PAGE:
That’s more like it! Walker has definitely taken a "drive" in the right direction, correcting several of the start-up bumps in the road that it experienced in its first two episodes. If you've just found Jared Padalecki's new series on The CW, my first impressions of the show were overall very positive, but did note a few slipped gears here and there.
Ironically named “Bobble Head”, Walker’s third episode bounced between drama, action and social messaging more smoothly than the fledgling series' prior stories. Introducing Cordell’s childhood bad boy friend, Hoyt, this latest glimpse into the life of the Walker family was more engaging, freed from the necessary exposition of a husband’s grief, an absent father’s guilt, teenage rebellion, brewing family resentments and a rookie’s anxiety that kicked off the series. Instead, Hoyt’s antics deepened our understanding of the series’ main characters more organically, using relationships and shared history to build out personalities.
Hoyt Rawlins, played by guest star Matt Barr, added a sassy spark to the cast’s performance. Abeline’s (Abby) belief in her wayward, adopted son gave us more intuitive insight into both her compassion and her husband Bonham’s hard line ruler of right and wrong behavior. Hoyt’s charismatic flirtations with crime also seamlessly served as a cautionary tale to the trials (literally) and tribulations of Cordell’s two teens. The parents had already won me over, but the kids’ performances bumped up a notch, making Cordell’s immediate family unit a stronger storyline.
While I’m thrilled that this episode made great strides in balancing characters and cases, I still have a lingering reservation about Walker’s partner Micki. I’m just not understanding their relative competence, perceived or actual, as rangers. Hoyt’s interactions with them only exacerbated my confusion about the interactions between these two lead characters in the show.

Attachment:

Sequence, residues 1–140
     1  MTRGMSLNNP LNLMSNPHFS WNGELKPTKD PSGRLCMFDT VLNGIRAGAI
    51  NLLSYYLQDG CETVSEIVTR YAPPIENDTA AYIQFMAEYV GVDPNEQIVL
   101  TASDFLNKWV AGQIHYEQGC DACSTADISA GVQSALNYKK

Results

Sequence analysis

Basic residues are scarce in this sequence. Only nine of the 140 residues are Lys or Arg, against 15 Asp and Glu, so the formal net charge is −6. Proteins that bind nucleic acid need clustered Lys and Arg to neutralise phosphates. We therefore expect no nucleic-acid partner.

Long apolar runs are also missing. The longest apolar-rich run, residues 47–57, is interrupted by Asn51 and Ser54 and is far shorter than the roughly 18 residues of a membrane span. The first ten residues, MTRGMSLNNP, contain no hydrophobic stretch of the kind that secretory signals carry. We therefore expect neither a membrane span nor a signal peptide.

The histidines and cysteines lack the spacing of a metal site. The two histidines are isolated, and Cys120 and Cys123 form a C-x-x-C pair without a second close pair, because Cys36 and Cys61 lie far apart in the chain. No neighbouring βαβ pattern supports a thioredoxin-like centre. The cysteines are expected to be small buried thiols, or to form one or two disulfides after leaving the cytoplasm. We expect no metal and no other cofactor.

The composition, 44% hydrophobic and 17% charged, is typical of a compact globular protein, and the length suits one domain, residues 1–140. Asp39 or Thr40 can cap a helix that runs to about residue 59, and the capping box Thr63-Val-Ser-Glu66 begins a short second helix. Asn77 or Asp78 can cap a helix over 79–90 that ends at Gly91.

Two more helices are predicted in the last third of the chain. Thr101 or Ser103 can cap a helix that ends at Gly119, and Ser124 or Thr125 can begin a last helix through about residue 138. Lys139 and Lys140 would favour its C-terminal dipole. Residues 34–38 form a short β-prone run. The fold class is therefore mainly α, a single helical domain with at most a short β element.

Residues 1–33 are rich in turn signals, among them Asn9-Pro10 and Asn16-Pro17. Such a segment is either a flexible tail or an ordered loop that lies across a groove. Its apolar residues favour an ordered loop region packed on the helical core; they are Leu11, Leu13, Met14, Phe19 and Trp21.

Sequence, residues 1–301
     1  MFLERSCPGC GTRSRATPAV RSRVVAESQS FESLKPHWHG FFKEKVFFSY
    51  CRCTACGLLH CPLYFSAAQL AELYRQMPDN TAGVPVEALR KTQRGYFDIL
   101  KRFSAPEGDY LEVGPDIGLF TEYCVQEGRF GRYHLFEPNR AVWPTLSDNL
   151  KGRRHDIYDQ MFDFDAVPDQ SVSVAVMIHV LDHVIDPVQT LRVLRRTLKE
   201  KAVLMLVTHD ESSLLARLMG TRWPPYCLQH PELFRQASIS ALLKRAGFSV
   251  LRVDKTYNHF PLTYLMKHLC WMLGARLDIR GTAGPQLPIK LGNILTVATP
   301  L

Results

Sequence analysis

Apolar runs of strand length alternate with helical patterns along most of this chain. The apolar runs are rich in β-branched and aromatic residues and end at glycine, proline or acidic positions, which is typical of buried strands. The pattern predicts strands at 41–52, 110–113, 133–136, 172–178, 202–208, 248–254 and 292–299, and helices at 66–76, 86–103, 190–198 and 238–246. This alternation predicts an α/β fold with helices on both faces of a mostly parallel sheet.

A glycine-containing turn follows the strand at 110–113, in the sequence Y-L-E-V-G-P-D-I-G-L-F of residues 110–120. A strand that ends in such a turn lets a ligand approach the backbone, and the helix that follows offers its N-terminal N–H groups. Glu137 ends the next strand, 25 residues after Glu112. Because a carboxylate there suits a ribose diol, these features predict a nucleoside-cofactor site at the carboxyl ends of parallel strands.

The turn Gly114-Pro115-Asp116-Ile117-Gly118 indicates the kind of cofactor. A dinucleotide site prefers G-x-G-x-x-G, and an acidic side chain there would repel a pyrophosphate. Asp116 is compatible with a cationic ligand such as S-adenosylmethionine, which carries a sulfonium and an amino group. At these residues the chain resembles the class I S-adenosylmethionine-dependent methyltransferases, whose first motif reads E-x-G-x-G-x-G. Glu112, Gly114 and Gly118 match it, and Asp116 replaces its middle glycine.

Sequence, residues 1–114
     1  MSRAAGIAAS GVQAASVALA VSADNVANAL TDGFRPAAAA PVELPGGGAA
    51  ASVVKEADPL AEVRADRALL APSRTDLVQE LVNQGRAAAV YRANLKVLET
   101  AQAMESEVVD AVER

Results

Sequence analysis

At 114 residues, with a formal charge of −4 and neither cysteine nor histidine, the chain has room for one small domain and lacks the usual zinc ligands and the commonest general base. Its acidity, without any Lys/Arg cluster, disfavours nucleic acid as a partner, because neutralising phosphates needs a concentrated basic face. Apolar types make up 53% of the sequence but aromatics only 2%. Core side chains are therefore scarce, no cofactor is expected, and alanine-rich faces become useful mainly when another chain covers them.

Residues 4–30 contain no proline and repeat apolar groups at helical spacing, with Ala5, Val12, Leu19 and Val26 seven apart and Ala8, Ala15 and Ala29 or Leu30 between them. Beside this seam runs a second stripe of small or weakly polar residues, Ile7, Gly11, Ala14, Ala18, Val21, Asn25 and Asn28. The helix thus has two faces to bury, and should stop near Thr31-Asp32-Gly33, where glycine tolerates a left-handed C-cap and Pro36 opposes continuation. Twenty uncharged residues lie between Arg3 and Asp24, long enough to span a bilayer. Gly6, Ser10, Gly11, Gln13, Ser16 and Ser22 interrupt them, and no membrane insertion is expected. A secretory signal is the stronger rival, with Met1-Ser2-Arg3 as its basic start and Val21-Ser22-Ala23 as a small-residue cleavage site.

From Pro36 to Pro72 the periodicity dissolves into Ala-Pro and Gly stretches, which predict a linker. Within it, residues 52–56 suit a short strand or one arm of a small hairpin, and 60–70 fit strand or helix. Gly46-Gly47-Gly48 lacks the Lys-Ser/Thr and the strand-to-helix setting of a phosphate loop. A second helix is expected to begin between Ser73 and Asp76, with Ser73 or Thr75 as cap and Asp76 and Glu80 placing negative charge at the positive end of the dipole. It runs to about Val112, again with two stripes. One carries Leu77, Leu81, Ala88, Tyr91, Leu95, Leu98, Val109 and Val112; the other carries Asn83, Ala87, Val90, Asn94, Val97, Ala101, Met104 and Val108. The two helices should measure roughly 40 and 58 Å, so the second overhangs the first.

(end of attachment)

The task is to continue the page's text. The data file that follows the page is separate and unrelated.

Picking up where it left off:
When Micki was first introduced to Walker in the “Pilot”, she referred to his legendary status among the rangers. That reputation was seemingly reinforced by the success he achieved in his last, supposedly very risky undercover assignment. Yet Officer Ramirez keeps being set up as the force to “rein in” Walker. Her conversation with Captain James also repeatedly referred to Cordell’s “blind spots.”
I don’t get it. She’s the rookie and Walker’s the experienced veteran, yet his professional competence is always being called into question. I understand that Cordell is purposefully being established as a flawed person with good intentions who is struggling to get back on his feet emotionally and with his family. The mixed signals are about his abilities as a ranger. Is he flawed on the job, too, or does he have an unorthodox approach that still gets the job done? Micki’s heavy handed arrest of Hoyt didn’t accomplish anything, yet the intel from her interrogation of Hoyt was prioritized over Cordell’s more subtle, “wait and watch” advice. He knew where to go to intercept the gun deal, but I didn’t hear anyone say “You were right. We should have listened to you.” Is he just a guy who (like so many of us) doesn’t get the recognition he deserves on the job, or is Captain James using Micki to impugn Walker’s instincts because James really is the bad guy who fears Walker may uncover his involvement in Emily’s death?
Geri’s quips at Micki seemed to put the rookie in her place a bit at the end, but I wasn’t really sure. I hope that’s what happened. That would have been a nicely framed moral of the story for Micki and a good way for Geri to stand up for her friends. I’m going to play it out that way in my head canon because it works so well!
Despite my continued confusion over Micki, this episode flowed well and presented a story that held my interest. I was curious how Walker would react to August’s uncharacteristic walk on the wild side (superb unspoken punishment, by the way!). Stella’s teachable moments were all realistic and well done. The case was a mystery, not because I cared at all about the random gun runner (it wasn’t clear who or why she was an arch-villain until the slightly overly dramatic shoot out), but because I wasn’t at all certain what Walker’s glittery, muscular, conflicted friend would do. And Jared got himself another muscle car to drive! Sweet cherry red Mustang! Nice ride! So several checks in the plus column. I’ll take that for only week three.
Please share your impressions of Walker's "Bobble Head" below!
Catch up on Nightsky's Review of episodes 1 and 2 of Walker or Insights into Supernatural! Pick your favorites from her long list of articles on WFB's Writers Page!